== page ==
‘Conservative’ Attack Ads Against Pruitt Funded By Ethanol-Linked Group [VIDEO]


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Jason Hopkins Immigration and politics reporter
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Environmental Protection Agency Administrator Scott Pruitt is facing the wrath of the ethanol lobby after proposing a plan that scales back the renewable fuel standard.

American Future Fund — a nonprofit group that self-identifies as conservative and pro free-market — released an attack against Pruitt, criticizing him for various controversies and calling on President Donald Trump to remove him from office.


“EPA Administrator Scott Pruitt is embarrassing President Trump,” the 30-second ad began, going on to list several scandals that have plagued the Republican’s tenure in recent months. “For the good of the country, Pruitt must go.”

Invoking Trump’s honor, the commercial at first glance appears to be solely a conservative-led attack on Pruitt. American Future Fund was formed to “provide Americans with a conservative and free market viewpoint to have a mechanism to communicate and advocate on the issues that most interest and concern them,” according to its website.

However, this 501(c)(4) dark-money group also boasts deep connections to the ethanol industry.

AFF is based in Iowa, a corn-rich state heavily invested in ethanol production. The organization, founded in 2008, received its seed money from Bruce Rastetter, the CEO of one of the largest ethanol businesses in the U.S., Hawkeye Energy Holdings. Nick Ryan — who has lobbied for Hawkeye and other Rastetter-led companies in the past — is AFF’s founder. The first annual Iowa Agriculture Summit in 2015 was put on by Rastetter and organized by Concordia Group, a consulting firm based in Des Moines. Additionally, Concordia is run by Ryan, and three of its staffers serve as officers at AFF.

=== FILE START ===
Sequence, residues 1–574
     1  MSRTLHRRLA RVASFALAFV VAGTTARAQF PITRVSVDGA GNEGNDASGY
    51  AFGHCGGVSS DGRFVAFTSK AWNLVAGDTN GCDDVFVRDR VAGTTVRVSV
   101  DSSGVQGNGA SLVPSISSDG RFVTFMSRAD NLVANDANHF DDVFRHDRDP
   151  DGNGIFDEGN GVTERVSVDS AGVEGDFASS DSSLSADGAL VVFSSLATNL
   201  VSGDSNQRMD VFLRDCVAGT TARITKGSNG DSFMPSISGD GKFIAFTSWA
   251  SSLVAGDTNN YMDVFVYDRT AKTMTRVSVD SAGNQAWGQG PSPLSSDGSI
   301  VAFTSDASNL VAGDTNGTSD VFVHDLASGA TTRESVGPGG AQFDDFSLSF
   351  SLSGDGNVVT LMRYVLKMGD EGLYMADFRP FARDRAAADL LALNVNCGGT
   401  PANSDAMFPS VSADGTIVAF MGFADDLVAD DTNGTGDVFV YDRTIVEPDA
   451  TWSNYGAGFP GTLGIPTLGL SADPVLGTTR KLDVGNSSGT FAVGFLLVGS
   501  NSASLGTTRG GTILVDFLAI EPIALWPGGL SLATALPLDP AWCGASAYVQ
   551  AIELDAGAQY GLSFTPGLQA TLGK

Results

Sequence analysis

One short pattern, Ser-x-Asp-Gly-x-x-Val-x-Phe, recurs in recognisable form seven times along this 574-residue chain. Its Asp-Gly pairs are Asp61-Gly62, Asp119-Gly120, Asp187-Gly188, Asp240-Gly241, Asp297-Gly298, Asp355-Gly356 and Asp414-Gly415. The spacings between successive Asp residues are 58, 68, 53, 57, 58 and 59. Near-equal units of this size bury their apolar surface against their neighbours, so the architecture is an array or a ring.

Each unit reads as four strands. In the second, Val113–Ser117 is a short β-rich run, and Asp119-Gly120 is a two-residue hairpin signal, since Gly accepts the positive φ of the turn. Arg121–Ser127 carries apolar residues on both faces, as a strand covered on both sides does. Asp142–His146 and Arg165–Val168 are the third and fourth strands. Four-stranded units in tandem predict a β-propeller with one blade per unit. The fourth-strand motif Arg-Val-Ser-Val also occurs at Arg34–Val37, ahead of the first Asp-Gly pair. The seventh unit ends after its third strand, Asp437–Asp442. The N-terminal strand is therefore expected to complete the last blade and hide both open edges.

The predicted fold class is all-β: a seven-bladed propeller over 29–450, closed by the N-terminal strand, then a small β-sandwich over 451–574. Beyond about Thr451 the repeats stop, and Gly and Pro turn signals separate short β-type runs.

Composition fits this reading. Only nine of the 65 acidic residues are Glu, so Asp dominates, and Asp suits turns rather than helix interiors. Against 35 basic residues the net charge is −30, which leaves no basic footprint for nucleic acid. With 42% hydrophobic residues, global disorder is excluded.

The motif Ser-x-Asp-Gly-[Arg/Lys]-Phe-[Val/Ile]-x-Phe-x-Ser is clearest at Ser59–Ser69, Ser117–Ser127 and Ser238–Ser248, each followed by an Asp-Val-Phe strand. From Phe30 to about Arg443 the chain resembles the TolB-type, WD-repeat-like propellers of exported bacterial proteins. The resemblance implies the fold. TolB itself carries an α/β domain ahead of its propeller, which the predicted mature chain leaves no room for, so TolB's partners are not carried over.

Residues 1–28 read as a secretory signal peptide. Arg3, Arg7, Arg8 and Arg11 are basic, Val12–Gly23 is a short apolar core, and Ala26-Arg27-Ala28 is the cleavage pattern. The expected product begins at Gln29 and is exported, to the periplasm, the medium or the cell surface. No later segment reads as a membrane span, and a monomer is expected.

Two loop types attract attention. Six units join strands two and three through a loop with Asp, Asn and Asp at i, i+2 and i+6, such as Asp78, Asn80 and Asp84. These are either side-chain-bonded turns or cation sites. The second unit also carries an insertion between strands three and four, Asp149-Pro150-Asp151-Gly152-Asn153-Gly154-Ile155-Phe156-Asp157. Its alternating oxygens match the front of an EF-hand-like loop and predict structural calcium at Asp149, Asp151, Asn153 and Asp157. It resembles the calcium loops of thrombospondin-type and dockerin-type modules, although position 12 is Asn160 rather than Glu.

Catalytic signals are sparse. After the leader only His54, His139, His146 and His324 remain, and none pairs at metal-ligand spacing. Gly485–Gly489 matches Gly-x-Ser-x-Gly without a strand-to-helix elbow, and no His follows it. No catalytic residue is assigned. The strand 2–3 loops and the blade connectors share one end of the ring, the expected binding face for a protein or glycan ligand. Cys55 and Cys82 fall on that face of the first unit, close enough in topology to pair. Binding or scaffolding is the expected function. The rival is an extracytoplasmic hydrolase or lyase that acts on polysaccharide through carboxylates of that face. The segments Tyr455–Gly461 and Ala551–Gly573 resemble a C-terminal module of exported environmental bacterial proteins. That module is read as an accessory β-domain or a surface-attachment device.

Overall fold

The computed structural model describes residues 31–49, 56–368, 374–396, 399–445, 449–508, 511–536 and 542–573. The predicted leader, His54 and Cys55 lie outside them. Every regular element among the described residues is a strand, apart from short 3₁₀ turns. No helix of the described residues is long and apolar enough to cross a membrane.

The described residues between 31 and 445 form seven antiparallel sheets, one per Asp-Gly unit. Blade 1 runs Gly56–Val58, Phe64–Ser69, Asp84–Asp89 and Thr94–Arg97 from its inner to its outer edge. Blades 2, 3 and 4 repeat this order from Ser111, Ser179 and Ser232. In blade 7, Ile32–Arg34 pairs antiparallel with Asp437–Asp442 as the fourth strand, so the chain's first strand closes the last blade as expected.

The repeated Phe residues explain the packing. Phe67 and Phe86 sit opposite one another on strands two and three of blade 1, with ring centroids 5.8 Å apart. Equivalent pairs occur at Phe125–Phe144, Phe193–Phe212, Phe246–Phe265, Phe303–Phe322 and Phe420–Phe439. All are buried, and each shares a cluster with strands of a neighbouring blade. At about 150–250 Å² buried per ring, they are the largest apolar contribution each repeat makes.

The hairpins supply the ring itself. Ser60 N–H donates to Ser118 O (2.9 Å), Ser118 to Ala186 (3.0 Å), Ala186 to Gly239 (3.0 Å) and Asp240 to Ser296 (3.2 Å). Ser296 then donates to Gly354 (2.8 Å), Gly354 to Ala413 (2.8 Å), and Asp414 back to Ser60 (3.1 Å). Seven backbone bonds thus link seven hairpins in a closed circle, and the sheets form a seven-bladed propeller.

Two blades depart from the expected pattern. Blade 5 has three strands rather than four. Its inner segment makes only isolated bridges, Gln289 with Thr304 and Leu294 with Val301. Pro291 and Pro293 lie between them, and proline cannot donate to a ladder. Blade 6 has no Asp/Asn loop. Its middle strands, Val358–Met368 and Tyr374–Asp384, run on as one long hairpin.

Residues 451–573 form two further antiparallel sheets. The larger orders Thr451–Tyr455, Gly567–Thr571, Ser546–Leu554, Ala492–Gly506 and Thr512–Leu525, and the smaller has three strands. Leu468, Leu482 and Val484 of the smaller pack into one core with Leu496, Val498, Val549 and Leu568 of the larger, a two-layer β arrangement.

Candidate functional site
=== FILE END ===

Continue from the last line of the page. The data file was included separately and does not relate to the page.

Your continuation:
The attack ad comes after Pruitt proposed modifications to the renewable fuel standard, a rule that requires oil refineries to use a certain amount of biofuels.

The debate over the renewable fuel standard has beset the Trump administration. Groups at odds over the 2005 mandate are two of the president’s biggest bases of support: oil producers in Pennsylvania and corn growers in Iowa. The rule is opposed by oil refineries that argue it’s killing their business. Corn farmers, however, support the mandate because it boosts demand for their product. (RELATED: Trump’s Effort To Appease Big Corn And Big Oil Is On the Verge Of Collapse)

Sens. Chuck Grassley and Joni Ernst, both Republicans from Iowa, have also hit Pruitt for his stance against the biofuels mandate.

“I am hopeful that the president will just recognize that Mr. Pruitt is breaking our president’s promises to farmers and at some point he will say, ‘It’s time for you to go,'” Ernst stated earlier this month. “But that’s up to the president to make that call. I will remain highly critical of Administrator Pruitt.”

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